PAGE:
Last month, PPI-SA partnered with Save the Children South Africa and Children’s Rights Centre for a childhood protection and development workshop. 15 PPI coaches and staff members were trained on the 41 Rights Children hold. We learned that when it comes to childhood protection, it is much more than physical safety.
As coach Sam Linda put it:
“I learned that children are our future and how important it is to protect them physically and emotionally but also to provide for them, for their basic needs and developmentally. If we protect them and help them develop, we’re in essence protecting our future “
Coach Thondekile Nxumalo had this to say:
“I learned that we as coaches must play an active role in our player’s development by being there for them, listening to and encouraging them and always keeping their best interest in mind.”
The Coaches and staff were presented the information on childhood rights & development in the form of a house. The foundation of the house is the key people in the children’s lives such as family, the larger community in which they grow up and “special helpers” (I.e. teachers, coaches etc.). The body of the house consists of the 41 Rights held by every child, broken up into 4 different categories:
- Protection – From abuse: emotional, sexual and physical; Drug use; Safety; Exploitation etc.
- Survival – Food security; health care; standard of living
- Development – Education; Play and recreation; cultural recognition
- Participation – Freedom of association; expression; access to information
On the roof of the house are the documents stating these rights such as the South African Constitution, United Nations Convention on the Rights of The Child and more.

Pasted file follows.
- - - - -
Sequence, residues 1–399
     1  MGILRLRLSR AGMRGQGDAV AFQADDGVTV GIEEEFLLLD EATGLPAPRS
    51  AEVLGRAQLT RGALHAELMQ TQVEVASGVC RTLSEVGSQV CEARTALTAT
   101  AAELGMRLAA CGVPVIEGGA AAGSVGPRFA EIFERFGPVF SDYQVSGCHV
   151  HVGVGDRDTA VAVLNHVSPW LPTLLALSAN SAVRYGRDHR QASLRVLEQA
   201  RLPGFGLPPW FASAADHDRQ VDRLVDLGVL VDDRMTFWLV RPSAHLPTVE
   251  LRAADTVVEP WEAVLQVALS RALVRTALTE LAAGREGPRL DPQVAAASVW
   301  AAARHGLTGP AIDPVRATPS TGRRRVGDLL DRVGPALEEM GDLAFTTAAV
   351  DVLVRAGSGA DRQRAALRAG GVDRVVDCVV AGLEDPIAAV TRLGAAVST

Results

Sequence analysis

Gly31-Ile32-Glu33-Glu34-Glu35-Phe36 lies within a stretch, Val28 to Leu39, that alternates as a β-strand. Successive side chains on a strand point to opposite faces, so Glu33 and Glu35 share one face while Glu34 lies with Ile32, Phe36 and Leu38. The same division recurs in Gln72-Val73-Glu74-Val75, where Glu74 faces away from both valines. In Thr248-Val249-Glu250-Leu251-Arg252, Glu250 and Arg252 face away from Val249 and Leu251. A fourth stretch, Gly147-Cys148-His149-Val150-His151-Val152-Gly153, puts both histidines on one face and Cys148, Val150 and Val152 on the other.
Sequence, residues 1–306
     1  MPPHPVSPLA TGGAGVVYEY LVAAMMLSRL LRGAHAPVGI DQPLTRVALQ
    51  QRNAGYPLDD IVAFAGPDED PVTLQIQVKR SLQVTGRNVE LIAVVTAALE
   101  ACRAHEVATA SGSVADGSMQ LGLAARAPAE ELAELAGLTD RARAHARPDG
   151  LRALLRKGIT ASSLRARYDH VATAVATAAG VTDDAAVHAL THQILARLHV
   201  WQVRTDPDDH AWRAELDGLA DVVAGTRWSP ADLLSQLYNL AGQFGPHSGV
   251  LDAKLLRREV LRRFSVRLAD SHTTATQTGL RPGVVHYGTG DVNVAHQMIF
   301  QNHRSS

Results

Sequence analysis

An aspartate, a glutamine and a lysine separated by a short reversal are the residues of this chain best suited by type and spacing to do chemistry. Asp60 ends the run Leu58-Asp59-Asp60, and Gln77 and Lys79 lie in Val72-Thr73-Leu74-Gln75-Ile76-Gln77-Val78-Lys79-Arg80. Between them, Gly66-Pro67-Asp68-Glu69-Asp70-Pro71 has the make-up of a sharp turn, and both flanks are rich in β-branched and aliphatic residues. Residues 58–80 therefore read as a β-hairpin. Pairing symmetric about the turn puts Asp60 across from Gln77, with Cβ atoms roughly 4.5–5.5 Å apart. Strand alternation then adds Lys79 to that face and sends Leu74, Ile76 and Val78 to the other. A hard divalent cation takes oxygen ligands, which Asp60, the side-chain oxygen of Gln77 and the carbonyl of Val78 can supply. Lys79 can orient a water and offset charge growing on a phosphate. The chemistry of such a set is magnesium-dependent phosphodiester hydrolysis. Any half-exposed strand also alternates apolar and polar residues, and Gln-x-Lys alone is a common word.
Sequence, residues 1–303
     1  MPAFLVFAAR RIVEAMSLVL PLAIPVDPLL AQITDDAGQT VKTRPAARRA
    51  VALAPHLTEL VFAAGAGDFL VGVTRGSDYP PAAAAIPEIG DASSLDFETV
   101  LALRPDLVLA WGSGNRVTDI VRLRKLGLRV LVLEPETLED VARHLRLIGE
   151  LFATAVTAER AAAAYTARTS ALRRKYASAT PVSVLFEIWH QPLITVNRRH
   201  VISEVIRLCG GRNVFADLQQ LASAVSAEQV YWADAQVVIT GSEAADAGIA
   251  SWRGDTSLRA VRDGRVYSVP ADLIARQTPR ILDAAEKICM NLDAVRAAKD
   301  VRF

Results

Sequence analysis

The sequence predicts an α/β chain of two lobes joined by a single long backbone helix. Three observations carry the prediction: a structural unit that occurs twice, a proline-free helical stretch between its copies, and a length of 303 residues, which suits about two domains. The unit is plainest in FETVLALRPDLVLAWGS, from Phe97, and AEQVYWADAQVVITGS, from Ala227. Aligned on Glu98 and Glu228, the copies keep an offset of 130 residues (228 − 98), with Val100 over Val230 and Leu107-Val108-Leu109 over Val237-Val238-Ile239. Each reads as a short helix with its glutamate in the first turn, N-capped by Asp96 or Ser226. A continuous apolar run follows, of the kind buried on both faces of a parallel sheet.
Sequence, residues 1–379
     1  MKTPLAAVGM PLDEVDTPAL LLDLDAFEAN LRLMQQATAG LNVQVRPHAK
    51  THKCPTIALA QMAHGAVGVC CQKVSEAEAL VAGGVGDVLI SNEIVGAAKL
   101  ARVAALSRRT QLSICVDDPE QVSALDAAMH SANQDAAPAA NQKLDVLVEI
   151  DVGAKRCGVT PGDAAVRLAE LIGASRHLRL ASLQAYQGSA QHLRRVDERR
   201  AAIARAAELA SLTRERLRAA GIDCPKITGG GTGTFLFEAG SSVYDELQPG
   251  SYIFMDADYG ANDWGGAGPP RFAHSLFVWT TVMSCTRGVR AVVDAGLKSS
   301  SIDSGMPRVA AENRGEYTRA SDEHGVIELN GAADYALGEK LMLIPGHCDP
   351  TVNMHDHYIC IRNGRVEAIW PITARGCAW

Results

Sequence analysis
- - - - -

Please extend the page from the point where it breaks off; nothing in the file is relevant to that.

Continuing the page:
Upon first glance it may seem that PeacePlayers International only plays a role within the “Development” bucket portion of the house. However throughout the day we learned that as part of the foundation of these children’s development our role as an organization and as coaches goes much deeper.
One of our coaches stories towards the end of the workshop, demonstrated the importance and realness of this issue in our communities:
“One of my players came to me early on in the year. I could tell it was hard for her, but she told me that she was being abused at home. In our first week of practice I told my players to tell me everything, but I never expected this. After speaking with a representative of my school, and another parent I trust we were able to arrange for my player to move in with her aunt.”
As coaches one of the most frustrating things is to see a child not living up to the potential we see in them. Reasons for this are often numerous and beyond understanding. Sometimes though as our coach did in the above story, simply asking about their lives and listening can have an impact beyond the basketball court. An impact that changes lives.